This ambitious science fiction novel chronicles the nature of evil in the universe over the course of billions of years (and its ultimately annihilatory consequences on intelligent races).
The Illutians are deeply contemplative beings of pure energy that are attempting to combat the spread of evil throughout the universe. After saving a benevolent alien with psychic powers named Tabol from death and transforming him into an Illutian, Tabol is tasked with finding an individual from the planet Earth who can see the future. This human could very well hold the secrets to saving millions of lives—and quite possibly to surviving the looming end of the universe!
Conceptually, this storyline has more than a few intriguing elements—the existence of innumerable sentient races throughout the cosmos, the evolution of humankind into virtually immortal beings, travel between parallel universes, etc.—but the narrative itself is flat. The character development is superficial at best and the world building virtually nonexistent. When a novel features alien races and their home worlds and cultures, the sense of wonder should be awe-inspiring, as in Vernor Vinge’s Hugo award-winning A Fire Upon the Deep, for example. But in this novel, that sense of wonder is conspicuously missing.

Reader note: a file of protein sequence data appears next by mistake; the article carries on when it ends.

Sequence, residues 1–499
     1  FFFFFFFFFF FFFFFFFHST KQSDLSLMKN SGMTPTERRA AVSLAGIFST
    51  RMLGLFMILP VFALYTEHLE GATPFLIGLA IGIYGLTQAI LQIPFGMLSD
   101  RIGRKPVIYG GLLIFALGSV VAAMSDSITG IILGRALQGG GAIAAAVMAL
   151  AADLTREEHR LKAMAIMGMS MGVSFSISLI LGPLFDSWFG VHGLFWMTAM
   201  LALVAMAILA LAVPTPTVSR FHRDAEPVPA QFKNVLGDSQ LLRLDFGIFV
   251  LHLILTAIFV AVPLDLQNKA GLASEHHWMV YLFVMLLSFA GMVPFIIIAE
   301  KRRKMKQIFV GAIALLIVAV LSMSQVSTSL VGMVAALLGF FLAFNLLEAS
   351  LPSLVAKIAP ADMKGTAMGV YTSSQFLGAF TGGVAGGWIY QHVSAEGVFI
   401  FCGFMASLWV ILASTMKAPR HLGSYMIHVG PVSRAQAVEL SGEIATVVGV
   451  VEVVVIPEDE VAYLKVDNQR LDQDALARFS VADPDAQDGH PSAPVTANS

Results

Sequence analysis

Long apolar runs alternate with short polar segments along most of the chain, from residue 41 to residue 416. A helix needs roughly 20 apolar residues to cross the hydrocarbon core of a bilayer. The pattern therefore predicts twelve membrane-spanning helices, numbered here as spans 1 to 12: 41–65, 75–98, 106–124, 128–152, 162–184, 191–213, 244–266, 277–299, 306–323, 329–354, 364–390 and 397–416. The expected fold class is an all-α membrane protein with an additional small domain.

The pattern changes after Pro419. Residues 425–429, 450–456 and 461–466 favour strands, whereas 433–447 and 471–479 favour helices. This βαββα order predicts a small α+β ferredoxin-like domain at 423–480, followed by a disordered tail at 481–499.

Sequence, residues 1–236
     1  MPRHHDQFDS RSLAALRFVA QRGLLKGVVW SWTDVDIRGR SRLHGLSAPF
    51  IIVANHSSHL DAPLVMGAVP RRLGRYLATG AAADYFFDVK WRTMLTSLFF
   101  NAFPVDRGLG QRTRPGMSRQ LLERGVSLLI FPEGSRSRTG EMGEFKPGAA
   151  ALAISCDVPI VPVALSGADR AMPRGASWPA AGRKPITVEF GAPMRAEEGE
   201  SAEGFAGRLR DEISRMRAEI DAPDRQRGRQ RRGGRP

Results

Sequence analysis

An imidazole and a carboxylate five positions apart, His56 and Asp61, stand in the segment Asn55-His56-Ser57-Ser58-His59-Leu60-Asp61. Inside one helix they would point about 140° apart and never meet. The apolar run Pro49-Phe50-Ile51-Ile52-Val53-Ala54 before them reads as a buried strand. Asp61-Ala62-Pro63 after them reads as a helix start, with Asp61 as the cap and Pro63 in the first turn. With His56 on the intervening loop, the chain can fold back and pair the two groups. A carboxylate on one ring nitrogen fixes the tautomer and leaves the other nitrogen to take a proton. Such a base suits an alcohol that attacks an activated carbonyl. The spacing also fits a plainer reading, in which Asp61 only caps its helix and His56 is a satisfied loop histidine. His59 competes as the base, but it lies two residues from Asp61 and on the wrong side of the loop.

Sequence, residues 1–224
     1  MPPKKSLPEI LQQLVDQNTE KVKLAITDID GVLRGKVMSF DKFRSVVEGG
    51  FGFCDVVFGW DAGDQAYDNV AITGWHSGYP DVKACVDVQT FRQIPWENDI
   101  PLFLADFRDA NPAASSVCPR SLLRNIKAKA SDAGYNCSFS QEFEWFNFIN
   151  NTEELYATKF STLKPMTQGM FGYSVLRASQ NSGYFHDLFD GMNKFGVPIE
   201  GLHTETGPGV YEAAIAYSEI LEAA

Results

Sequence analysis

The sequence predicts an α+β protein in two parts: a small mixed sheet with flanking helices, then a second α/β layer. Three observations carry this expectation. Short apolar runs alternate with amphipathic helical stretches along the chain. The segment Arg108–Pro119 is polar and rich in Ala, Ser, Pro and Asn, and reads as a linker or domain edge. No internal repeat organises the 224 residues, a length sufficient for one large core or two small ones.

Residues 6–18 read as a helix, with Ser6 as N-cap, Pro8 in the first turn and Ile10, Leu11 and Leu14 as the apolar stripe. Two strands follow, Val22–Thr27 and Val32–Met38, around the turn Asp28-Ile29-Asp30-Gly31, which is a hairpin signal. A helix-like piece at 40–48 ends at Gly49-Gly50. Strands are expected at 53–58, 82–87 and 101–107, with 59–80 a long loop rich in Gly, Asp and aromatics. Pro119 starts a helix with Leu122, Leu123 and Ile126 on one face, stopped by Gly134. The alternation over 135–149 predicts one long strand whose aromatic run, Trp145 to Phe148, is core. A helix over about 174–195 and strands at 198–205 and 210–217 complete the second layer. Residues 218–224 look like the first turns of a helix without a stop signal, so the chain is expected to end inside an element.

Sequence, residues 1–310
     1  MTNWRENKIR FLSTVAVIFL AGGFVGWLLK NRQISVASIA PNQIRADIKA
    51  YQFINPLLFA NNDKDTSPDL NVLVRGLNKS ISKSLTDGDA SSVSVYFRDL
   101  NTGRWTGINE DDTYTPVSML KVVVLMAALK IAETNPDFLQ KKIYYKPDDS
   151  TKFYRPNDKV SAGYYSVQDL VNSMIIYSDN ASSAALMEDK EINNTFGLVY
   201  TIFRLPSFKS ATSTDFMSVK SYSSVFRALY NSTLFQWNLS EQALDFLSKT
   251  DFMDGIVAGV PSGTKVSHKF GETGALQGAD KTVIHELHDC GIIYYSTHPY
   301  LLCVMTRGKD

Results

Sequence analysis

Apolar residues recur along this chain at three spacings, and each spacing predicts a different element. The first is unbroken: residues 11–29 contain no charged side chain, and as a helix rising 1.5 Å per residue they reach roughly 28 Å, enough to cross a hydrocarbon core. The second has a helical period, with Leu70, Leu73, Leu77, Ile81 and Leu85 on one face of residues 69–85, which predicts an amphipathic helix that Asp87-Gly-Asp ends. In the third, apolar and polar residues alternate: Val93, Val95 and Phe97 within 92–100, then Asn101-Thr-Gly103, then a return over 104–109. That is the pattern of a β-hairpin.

The skeleton of a story is certainly there, but the flesh is missing. The characters are cardboard and the various locations throughout the universe barely explored at all. Opportunities to create rich, unforgettable backdrops, such as Tabol’s intriguing home world, which is simply described as a “backwater planet,” are completely ignored.
Ultimately, it doesn’t matter how strong a science fiction novel is conceptually. If the narrative is not compelling and fails to touch readers on an emotional level, the reading experience is going to be an unsatisfying one, as it is here.
Also available as an ebook.